During the ailment of Lord Bracknell, Lady Bracknell had to take over the mantle of leadership (Ruff 462–464). The reversal of role may seem comic, given the times, but presented more challenges to her. She had to step into a man’s position as was traditionally dictated. Her opposition to women education showed the female gender’s problem of lack of knowledge and primitive assumptions of not undertaking it. Her comments on politics are a depiction of her test to act like a man, be masculine. She said, “Oh they count as Tories they dine with us or come in the evening” to reveal her ignorance of political issues. Who could blame her? During those times, women had no role in politics as they were prohibited from voting.
Wilde demonstrates the gender role reversal that swept the 19th century (Roberts 336–348). Women began taking male roles such as leadership and vice versa. Apart from Lady Bracknell, Miss Prim was a governess of Cecily. The awakening of these ladies seems to imply that men had to take on house-keeping duties from the women. Both Lady Bracknell and Cecily believe that “home seems to me to be the proper sphere for the man.” Unlike the traditional way when men proposed to women, it is a woman Cecily who proposed to Algernon. Still, women in this play are faced with a tirade of problems. Thus, they need to contend with men to take their new roles as the dominant gender.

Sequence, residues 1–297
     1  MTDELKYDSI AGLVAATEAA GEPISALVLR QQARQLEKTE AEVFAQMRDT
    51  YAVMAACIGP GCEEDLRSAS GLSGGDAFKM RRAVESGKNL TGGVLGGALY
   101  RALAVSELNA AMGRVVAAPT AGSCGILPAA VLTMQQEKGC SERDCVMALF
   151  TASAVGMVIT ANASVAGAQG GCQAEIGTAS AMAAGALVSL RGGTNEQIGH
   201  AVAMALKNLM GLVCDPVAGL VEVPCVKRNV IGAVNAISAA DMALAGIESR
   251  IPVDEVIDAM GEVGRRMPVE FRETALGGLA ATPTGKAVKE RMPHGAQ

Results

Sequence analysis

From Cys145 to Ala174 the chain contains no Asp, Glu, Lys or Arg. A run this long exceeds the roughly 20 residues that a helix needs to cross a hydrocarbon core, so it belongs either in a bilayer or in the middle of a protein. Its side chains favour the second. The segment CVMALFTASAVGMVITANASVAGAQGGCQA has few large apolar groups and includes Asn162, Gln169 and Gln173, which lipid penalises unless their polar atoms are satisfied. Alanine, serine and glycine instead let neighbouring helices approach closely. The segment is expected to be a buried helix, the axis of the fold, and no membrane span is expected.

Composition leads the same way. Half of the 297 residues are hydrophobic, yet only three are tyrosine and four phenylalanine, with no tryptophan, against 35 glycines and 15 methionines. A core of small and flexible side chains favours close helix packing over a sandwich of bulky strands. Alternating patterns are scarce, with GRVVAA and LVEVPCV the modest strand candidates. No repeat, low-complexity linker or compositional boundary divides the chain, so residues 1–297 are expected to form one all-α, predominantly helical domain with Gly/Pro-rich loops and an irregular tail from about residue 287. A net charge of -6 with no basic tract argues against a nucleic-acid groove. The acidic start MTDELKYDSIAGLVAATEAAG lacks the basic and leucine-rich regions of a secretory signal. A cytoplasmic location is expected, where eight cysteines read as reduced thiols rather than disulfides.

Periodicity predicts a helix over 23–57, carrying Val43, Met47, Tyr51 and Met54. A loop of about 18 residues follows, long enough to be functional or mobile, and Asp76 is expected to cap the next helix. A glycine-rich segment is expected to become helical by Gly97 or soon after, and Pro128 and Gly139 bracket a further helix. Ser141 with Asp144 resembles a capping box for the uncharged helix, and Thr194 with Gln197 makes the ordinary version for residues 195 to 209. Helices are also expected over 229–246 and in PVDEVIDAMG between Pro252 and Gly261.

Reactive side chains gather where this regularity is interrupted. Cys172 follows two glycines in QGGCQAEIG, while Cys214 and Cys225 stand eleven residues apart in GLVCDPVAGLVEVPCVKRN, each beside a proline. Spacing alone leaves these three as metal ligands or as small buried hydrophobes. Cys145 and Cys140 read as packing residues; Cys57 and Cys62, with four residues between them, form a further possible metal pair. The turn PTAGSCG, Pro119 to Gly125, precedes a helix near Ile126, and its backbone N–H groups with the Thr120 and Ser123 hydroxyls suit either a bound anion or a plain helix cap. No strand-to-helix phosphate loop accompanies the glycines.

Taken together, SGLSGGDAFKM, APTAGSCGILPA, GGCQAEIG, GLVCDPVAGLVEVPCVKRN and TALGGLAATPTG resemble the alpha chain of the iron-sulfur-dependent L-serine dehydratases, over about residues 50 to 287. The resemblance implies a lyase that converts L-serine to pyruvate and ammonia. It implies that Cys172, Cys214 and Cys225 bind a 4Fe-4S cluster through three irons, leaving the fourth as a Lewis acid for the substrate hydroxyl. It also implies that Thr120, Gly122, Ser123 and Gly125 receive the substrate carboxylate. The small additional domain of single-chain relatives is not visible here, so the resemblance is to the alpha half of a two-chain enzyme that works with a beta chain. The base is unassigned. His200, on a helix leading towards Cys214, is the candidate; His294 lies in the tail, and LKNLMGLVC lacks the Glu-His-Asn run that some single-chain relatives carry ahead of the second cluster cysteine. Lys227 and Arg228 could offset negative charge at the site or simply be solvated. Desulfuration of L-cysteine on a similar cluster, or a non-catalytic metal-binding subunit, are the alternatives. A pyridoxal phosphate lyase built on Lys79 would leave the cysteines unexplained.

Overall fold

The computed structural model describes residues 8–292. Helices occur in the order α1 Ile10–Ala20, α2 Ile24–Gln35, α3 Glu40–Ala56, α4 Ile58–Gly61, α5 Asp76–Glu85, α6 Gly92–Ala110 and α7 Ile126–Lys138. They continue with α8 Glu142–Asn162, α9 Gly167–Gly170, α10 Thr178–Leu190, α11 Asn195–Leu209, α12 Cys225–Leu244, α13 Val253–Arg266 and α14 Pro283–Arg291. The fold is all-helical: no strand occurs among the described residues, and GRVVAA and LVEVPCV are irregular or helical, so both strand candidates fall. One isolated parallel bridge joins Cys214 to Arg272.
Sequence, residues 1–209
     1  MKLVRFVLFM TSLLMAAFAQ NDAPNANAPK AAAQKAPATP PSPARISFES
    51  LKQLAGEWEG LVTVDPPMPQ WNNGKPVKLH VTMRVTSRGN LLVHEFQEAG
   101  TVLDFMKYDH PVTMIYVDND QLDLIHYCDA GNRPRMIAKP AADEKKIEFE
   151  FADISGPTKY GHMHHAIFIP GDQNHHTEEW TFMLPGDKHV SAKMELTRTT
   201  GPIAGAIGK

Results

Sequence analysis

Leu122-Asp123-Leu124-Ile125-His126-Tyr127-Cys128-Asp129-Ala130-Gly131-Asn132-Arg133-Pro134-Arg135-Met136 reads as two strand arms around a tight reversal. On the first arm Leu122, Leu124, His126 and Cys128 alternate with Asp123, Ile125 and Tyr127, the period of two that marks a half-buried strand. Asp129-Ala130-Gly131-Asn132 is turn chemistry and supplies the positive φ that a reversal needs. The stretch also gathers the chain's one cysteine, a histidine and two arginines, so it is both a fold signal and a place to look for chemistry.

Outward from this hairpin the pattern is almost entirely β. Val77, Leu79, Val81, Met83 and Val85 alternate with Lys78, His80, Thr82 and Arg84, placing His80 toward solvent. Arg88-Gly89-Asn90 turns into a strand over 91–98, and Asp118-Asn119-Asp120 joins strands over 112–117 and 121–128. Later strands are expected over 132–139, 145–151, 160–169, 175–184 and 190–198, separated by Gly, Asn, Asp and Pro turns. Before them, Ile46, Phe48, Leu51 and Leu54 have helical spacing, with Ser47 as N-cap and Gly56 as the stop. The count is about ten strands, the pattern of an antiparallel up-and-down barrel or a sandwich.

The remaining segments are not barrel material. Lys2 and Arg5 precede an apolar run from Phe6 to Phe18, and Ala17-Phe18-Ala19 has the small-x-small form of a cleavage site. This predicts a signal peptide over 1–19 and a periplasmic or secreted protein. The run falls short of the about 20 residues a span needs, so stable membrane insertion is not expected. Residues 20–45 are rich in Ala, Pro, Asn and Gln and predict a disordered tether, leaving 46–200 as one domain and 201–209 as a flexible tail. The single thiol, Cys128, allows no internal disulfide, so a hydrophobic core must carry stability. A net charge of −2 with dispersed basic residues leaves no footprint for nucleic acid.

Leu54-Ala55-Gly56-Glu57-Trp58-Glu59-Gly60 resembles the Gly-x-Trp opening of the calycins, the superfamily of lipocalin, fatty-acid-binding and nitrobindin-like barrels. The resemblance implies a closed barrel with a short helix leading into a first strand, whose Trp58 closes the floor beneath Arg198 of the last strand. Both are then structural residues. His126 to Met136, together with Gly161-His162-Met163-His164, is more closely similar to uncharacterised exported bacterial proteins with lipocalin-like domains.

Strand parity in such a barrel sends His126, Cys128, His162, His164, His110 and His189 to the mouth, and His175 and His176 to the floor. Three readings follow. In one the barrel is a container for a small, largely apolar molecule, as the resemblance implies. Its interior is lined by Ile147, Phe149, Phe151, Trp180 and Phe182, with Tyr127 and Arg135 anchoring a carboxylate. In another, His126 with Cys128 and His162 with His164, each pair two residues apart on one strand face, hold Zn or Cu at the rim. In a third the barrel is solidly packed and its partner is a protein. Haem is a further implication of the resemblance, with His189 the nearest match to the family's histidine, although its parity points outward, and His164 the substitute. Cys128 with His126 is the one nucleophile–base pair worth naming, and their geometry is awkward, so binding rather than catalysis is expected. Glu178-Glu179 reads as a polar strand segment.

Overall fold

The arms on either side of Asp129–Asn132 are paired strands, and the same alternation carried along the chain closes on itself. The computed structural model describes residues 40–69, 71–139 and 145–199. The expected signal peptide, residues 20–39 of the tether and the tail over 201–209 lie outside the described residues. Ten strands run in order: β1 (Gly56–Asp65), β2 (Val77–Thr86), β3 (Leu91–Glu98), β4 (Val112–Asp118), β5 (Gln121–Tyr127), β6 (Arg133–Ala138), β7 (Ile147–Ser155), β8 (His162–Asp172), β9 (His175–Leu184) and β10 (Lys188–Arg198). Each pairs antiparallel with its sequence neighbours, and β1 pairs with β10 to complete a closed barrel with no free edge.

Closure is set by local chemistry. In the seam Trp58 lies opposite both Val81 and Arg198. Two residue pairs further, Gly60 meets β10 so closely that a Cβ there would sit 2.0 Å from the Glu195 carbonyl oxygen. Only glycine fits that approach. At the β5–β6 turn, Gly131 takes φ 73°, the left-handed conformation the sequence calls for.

Work Cited
Conolly-Smith, Peter. “‘Well, I’m Dashed!’: Jitta, Pygmalion, and Shaw’s Revenge.” Shaw, 33.1 (2013): 95–121. Print.l
Grene, Nicholas. “SHAW PRODUCTIONS IN IRELAND, 1900–2009.” Shaw (2010): 236–259. Print.
Pfeiffer, John R. “A CONTINUING CHECKLIST OF SHAVIANA.” Shaw, 32.1 (2012): 194–241. Print.
Roberts, Gerald. “Earnest Men: Two Victorian Contemporaries.” Studies: An Irish Quarterly Review, 102.407 (2013): 336–348. Print.
Ruff, Felicia J. “Theatre Journal.” Theatre Journal 63.3 (2011): 462-464. Print.